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Understanding D.C.'s new pot laws

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It's official: Washington D.C. has decriminalized possessing small amounts of marijuana. But the the new law probably doesn't allow users to toke freely, and the reasoning behind the change has little to do with the drug itself. (Via Getty Images)

The basic rules are as follows: Possessing or trading an ounce of pot in D.C. used to be punishable by jail time. Now, it's just a $25 ticket. That goes for drug paraphernalia as well, though everything is confiscated when a citation is written. (Via WJLA)

The Washington City Paper is even offering to pay the $25 fine for the first five people who send in their stories about getting busted under the new law.

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But D.C. police make it clear that marijuana is still illegal—buying, selling, consuming pot in public places is still prohibited, as is operating a vehicle or boat under the influence. And if you have over an ounce of pot on you, you're out of luck.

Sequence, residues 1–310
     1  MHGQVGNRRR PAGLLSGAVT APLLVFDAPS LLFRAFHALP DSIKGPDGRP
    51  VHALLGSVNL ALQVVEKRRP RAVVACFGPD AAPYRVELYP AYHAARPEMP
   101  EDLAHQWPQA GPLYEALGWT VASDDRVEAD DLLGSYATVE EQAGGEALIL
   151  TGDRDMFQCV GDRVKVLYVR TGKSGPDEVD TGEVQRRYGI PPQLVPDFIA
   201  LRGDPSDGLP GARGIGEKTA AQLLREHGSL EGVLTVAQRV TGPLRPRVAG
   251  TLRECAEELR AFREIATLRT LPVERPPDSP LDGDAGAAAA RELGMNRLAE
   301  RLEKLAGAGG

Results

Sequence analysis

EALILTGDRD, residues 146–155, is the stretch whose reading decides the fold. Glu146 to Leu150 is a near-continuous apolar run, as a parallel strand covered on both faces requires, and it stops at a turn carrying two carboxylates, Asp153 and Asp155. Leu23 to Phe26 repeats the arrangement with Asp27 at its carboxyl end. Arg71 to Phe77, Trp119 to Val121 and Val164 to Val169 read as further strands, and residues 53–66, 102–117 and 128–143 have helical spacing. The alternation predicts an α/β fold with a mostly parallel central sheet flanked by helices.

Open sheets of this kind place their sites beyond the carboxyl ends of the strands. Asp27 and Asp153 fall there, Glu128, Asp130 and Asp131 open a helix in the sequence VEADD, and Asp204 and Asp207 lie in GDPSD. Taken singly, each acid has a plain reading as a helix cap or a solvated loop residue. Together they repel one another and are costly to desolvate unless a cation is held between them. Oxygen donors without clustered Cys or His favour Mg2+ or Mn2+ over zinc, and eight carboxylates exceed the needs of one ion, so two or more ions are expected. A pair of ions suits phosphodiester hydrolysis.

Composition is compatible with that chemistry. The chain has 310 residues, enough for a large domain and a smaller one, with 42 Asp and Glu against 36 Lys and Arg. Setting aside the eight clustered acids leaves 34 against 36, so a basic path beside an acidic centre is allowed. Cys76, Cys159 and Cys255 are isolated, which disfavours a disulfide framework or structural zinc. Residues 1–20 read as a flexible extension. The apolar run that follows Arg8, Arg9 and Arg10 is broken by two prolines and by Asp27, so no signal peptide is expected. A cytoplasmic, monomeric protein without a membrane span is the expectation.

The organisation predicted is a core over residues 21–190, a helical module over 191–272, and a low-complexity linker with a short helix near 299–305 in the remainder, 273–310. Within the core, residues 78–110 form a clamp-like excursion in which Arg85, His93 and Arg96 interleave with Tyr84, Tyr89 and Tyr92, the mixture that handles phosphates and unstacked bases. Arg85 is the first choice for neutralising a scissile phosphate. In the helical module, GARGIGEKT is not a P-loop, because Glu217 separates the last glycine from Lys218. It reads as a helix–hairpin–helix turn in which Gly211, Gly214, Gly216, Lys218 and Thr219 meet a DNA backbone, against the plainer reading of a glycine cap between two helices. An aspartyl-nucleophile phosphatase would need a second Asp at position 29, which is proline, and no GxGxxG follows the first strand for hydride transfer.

The original legislation was less about legalizing pot and more about curbing the city's racially biased arrest record. Black D.C. residents were eight times more likely than white residents to be busted for possessing pot, despite similar usage rates between the two groups, according to a 2013 ACLU report found.

Decriminalizing pot doesn't always solve the problem, however, and results of looser pot laws can have different effects from state to state, Vox reports.

One expert told the outlet, "If you think it's actually racism, then what you'd expect is the cops will figure out some other reason to arrest those black kids. ... You have to ask when you do this, how will law enforcement react?"

If House Republicans have their way, the decriminalization law might not be around for long. GOP representatives attached a caveat to the latest D.C. funding bill preventing the city from enforcing the new regulations with city funds. (Via Roll Call)

That funding bill passed the House last month with an additional GOP provision gutting D.C.'s gun laws. The resulting bill is currently awaiting Senate approval, but President Obama's office says he's likely to veto the bill if it gets that far. (Via The BlazeDCist)

On the flip side of things, D.C. residents might get a chance to vote on full marijuana legalization this November, thanks to a ballot initiative submitted earlier this month by the D.C. Cannabis Campaign.

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